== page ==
Early-stage investors in Health Monitoring said the few competing systems on the market take weeks, if not months, to analyze emergency admissions data, which limits its value in responding to spread of infectious disease.
“But theirs is real-time data reporting for health professionals to look at what's happening today. That's why their product resonates so well in the market place,” said Richard Lunak, CEO of Innovation Works. The South Oakland organization invested $300,000 in Health Monitoring in 2008.
“Their technology is robust, and Kevin is a good CEO. He can get his message across to customers and investors,” said John Manzetti, CEO of Pittsburgh Life Sciences Greenhouse, South Side, which invested $200,000 the same year.
Health Monitoring was spun out of a research project at the University of Pittsburgh in 2002, when toxic anthrax letters were terrorizing parts of the United States. During that year's Winter Olympics, the project team enlisted Salt Lake City hospitals to collect emergency-room admissions data to look for abnormal patterns, especially signs of bioterrorism.
“It was obvious by 2006 that this wasn't something that was just a research project anymore, but a service that the public needed,” Hutchison said. “Now, it's other things, like the flu, or the impact of public policies on dental visits or the incidence of heat stroke.”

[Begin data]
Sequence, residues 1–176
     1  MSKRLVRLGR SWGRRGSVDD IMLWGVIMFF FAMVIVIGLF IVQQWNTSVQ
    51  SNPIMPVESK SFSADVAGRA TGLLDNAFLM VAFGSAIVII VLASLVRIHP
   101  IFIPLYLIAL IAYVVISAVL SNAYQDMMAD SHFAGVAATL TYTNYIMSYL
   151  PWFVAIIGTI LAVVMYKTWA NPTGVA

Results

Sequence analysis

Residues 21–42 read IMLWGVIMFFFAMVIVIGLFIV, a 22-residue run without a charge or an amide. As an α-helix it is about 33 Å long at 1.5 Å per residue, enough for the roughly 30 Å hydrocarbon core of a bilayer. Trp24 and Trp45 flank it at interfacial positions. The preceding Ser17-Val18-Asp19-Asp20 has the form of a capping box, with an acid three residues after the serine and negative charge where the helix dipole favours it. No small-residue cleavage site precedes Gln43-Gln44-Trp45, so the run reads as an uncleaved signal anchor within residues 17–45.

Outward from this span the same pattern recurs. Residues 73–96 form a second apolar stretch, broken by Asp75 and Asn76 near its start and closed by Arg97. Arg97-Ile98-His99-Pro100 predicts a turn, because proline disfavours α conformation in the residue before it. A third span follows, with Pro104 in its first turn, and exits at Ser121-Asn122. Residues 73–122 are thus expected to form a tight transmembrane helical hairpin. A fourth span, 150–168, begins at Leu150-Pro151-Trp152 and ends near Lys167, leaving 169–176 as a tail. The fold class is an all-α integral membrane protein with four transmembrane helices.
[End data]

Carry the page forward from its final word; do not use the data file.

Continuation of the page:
In the future, Health Monitoring hopes to expand its services to health insurers, Hutchison said.
Thomas Olson is a staff writer for Trib Total Media. He can be reached a 412-320-7854 or at email@example.com.
Show commenting policy
TribLive commenting policy
You are solely responsible for your comments and by using TribLive.com you agree to our Terms of Service.
We moderate comments. Our goal is to provide substantive commentary for a general readership. By screening submissions, we provide a space where readers can share intelligent and informed commentary that enhances the quality of our news and information.